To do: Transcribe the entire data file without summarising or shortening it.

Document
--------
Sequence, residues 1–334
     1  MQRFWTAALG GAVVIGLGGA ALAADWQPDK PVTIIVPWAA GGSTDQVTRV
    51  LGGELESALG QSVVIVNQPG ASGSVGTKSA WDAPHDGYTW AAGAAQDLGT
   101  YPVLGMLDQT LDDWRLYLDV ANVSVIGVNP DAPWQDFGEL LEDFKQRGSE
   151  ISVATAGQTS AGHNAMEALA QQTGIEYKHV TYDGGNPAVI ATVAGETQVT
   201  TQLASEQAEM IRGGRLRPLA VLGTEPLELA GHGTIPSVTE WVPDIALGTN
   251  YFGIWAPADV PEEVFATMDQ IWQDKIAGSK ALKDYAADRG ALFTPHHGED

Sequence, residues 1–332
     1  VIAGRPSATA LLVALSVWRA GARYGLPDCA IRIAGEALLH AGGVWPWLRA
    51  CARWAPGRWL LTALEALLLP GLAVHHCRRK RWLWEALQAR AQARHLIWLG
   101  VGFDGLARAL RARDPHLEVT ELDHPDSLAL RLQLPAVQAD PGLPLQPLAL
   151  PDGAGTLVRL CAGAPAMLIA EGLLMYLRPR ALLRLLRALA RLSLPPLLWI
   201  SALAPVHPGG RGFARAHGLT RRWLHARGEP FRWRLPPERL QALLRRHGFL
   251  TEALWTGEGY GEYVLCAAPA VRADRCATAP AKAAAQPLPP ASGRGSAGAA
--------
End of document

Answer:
Sequence, residues 1–334
     1  MQRFWTAALG GAVVIGLGGA ALAADWQPDK PVTIIVPWAA GGSTDQVTRV
    51  LGGELESALG QSVVIVNQPG ASGSVGTKSA WDAPHDGYTW AAGAAQDLGT
   101  YPVLGMLDQT LDDWRLYLDV ANVSVIGVNP DAPWQDFGEL LEDFKQRGSE
   151  ISVATAGQTS AGHNAMEALA QQTGIEYKHV TYDGGNPAVI ATVAGETQVT
   201  TQLASEQAEM IRGGRLRPLA VLGTEPLELA GHGTIPSVTE WVPDIALGTN
   251  YFGIWAPADV PEEVFATMDQ IWQDKIAGSK ALKDYAADRG ALFTPHHGED

Sequence, residues 1–332
     1  VIAGRPSATA LLVALSVWRA GARYGLPDCA IRIAGEALLH AGGVWPWLRA
    51  CARWAPGRWL LTALEALLLP GLAVHHCRRK RWLWEALQAR AQARHLIWLG
   101  VGFDGLARAL RARDPHLEVT ELDHPDSLAL RLQLPAVQAD PGLPLQPLAL
   151  PDGAGTLVRL CAGAPAMLIA EGLLMYLRPR ALLRLLRALA RLSLPPLLWI
   201  SALAPVHPGG RGFARAHGLT RRWLHARGEP FRWRLPPERL QALLRRHGFL
   251  TEALWTGEGY GEYVLCAAPA VRADRCATAP AKAAAQPLPP ASGRGSAGAA